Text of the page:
Structured methods for identifying and correcting potential human errors in aviation operations

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Human errors have been identified as the source of approximately 60% of the incidents and accidents that occur in commercial aviation. It can be assumed that a very large number of human errors occur in aviation operations, even though in most cases the redundancies and diversities built into the design of aircraft systems prevent the errors from leading to serious consequences. In addition, when it is acknowledged that many system failures have their roots in human errors that occur in the design phase, it becomes apparent that the identification and elimination of potential human errors could significantly decrease the risks ... continued below

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6 p.

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Nelson, W.R. October 1, 1997.

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Description

Human errors have been identified as the source of approximately 60% of the incidents and accidents that occur in commercial aviation. It can be assumed that a very large number of human errors occur in aviation operations, even though in most cases the redundancies and diversities built into the design of aircraft systems prevent the errors from leading to serious consequences. In addition, when it is acknowledged that many system failures have their roots in human errors that occur in the design phase, it becomes apparent that the identification and elimination of potential human errors could significantly decrease the risks of aviation operations. This will become even more critical during the design of advanced automation-based aircraft systems as well as next-generation systems for air traffic management. Structured methods to identify and correct potential human errors in aviation operations have been developed and are currently undergoing testing at the Idaho National Engineering and Environmental Laboratory (INEEL).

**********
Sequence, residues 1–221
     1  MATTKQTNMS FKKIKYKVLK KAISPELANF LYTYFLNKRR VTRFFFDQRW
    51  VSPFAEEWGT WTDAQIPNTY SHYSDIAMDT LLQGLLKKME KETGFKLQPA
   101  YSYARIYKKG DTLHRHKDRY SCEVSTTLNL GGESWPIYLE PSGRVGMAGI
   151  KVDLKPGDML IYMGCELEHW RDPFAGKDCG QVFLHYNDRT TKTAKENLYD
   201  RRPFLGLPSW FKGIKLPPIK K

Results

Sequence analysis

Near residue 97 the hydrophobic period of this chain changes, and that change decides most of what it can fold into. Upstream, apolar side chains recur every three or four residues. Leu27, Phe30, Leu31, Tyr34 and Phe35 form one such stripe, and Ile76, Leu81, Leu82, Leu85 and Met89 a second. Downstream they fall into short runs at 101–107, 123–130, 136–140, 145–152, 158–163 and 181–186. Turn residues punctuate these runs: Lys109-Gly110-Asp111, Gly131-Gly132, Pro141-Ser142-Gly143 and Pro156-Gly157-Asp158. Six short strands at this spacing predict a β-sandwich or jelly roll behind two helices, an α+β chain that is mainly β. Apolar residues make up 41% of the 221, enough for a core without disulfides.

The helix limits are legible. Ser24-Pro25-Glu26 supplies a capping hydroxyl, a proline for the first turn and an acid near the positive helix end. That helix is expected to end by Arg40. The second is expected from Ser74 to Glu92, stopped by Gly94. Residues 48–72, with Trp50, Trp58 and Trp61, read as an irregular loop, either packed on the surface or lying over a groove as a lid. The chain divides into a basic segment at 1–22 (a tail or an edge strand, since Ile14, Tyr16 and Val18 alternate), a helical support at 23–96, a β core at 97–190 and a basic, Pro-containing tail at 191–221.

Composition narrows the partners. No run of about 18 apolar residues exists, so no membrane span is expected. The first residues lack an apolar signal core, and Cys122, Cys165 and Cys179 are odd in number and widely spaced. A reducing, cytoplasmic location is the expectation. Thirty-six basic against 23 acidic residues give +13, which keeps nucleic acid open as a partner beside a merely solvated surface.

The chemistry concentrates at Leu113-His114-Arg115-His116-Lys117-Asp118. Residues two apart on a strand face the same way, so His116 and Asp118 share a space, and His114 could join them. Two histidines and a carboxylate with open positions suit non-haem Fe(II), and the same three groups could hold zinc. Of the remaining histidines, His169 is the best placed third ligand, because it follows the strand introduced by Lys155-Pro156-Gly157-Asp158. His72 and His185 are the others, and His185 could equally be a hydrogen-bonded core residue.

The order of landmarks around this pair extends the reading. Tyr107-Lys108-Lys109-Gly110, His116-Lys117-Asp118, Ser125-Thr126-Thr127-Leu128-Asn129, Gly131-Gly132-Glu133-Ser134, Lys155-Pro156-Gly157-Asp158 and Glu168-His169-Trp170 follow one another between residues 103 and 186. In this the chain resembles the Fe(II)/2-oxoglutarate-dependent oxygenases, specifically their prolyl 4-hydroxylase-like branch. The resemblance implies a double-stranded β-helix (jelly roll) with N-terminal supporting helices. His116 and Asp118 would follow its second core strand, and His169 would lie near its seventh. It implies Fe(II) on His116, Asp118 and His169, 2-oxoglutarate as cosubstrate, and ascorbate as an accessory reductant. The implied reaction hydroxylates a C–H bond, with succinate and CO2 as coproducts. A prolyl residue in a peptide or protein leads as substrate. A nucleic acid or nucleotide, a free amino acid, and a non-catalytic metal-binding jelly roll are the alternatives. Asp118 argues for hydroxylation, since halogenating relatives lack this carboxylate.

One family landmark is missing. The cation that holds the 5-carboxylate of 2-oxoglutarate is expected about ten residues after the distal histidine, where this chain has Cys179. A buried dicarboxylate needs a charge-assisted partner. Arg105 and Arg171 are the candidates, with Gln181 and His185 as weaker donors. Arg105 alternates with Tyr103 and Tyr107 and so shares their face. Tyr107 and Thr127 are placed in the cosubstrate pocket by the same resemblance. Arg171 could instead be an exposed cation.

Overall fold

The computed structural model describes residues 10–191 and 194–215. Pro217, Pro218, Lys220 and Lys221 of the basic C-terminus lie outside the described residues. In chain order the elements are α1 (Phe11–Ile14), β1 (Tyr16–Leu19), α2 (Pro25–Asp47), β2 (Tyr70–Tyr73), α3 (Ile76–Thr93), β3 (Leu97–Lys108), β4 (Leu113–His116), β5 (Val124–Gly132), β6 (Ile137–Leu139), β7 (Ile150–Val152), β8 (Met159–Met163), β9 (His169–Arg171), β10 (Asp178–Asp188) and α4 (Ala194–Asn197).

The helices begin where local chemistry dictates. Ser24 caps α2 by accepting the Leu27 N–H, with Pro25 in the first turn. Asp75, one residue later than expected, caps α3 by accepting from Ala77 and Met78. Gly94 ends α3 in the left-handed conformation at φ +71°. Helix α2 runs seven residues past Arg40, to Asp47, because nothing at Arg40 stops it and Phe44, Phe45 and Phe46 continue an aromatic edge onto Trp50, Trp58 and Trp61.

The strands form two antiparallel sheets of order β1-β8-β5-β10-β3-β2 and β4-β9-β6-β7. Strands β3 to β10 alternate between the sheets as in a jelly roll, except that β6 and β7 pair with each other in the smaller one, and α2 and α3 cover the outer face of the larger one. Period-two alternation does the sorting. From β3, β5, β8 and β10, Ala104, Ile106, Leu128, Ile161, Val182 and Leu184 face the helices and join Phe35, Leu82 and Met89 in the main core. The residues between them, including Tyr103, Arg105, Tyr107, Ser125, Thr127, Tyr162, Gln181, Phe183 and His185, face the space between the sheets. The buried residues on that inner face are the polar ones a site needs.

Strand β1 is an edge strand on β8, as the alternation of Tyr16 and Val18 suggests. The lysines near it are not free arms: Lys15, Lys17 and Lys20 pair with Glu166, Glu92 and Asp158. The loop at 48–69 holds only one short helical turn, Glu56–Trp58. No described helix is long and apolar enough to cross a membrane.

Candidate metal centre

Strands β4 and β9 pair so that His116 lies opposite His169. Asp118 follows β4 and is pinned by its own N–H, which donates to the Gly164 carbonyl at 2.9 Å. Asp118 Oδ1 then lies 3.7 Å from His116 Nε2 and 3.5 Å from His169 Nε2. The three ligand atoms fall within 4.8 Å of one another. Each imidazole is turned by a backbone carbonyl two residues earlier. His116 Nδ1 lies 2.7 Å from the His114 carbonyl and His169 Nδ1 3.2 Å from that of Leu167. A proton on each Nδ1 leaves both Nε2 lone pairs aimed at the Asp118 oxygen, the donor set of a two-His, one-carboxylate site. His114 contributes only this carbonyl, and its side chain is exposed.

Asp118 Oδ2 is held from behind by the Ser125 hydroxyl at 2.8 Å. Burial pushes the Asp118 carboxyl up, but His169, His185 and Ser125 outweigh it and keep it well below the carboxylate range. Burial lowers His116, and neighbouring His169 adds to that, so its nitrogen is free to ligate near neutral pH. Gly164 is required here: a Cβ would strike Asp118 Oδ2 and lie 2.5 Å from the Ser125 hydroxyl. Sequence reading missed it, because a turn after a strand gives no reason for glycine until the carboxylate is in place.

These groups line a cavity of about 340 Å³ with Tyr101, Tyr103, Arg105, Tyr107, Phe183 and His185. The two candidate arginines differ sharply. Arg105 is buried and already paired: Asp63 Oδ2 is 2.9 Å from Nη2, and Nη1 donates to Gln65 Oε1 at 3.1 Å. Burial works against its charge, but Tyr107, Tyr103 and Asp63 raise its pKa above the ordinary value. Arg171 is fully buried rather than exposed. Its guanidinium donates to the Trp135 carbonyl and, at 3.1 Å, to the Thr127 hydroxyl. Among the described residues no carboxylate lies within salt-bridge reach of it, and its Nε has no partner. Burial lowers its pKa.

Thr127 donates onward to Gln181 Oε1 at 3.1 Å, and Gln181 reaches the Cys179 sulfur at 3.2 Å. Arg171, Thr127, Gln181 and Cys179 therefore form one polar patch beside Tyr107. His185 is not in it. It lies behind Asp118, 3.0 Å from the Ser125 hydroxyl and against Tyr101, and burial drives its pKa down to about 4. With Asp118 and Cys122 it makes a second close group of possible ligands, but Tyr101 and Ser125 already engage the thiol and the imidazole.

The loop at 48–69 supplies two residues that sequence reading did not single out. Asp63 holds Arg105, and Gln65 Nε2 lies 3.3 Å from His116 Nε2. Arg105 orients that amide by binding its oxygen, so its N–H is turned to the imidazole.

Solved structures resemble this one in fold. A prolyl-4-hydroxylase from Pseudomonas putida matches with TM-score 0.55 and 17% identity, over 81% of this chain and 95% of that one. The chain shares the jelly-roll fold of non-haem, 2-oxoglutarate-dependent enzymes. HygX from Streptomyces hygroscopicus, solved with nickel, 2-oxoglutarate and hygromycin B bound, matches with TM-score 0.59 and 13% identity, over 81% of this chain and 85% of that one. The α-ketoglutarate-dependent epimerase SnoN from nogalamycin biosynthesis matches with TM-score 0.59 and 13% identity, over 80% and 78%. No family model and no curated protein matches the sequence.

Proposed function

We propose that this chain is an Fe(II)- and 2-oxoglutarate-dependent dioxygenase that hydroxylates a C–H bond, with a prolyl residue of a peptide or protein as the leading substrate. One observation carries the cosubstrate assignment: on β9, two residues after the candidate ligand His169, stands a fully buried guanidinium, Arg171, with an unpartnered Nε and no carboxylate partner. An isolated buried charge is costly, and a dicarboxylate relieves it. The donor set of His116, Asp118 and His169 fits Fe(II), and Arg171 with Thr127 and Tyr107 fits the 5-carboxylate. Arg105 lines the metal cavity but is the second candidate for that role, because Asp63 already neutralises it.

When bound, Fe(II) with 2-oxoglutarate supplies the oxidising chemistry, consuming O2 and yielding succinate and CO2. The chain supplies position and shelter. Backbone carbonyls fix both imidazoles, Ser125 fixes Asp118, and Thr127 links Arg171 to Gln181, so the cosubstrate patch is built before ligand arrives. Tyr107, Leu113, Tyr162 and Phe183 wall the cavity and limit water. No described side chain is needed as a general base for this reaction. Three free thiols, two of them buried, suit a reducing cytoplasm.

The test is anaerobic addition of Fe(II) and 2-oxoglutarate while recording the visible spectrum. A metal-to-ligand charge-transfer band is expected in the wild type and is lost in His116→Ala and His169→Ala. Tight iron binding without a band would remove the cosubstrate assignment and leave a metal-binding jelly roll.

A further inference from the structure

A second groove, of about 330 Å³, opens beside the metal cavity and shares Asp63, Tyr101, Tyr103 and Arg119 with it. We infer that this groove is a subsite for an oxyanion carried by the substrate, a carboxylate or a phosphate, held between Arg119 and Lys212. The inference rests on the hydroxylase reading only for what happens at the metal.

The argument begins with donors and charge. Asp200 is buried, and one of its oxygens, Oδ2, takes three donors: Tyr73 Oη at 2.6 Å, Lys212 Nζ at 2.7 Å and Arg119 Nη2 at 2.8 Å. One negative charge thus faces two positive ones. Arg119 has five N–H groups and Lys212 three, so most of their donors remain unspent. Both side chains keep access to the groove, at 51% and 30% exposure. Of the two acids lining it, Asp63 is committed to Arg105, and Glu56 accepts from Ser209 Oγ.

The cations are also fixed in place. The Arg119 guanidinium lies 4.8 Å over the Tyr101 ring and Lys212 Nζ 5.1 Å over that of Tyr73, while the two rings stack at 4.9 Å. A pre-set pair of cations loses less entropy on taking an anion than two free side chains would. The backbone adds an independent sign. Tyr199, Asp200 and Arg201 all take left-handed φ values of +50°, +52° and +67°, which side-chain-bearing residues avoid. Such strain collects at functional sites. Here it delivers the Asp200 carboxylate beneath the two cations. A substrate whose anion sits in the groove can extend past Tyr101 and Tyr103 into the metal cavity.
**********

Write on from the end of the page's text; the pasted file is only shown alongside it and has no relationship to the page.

Physical Description

6 p.

Notes

OSTI as DE98050465

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  • IEEE international conference on systems, man and cybernetics, Orlando, FL (United States), 12-15 Oct 1997

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  • Other: DE98050465
  • Report No.: INEL/CON--97-00763
  • Report No.: CONF-971068--
  • Grant Number: AC07-94ID13223
  • Office of Scientific & Technical Information Report Number: 604375
  • Archival Resource Key: ark:/67531/metadc699142

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Office of Scientific & Technical Information Technical Reports

Reports, articles and other documents harvested from the Office of Scientific and Technical Information.

Office of Scientific and Technical Information (OSTI) is the Department of Energy (DOE) office that collects, preserves, and disseminates DOE-sponsored research and development (R&D) results that are the outcomes of R&D projects or other funded activities at DOE labs and facilities nationwide and grantees at universities and other institutions.

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  • October 1, 1997

Added to The UNT Digital Library

  • Aug. 14, 2015, 8:43 a.m.

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  • May 23, 2016, 2 p.m.

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Nelson, W.R. Structured methods for identifying and correcting potential human errors in aviation operations, article, October 1, 1997; Idaho Falls, Idaho. (digital.library.unt.edu/ark:/67531/metadc699142/: accessed October 18, 2017), University of North Texas Libraries, Digital Library, digital.library.unt.edu; crediting UNT Libraries Government Documents Department.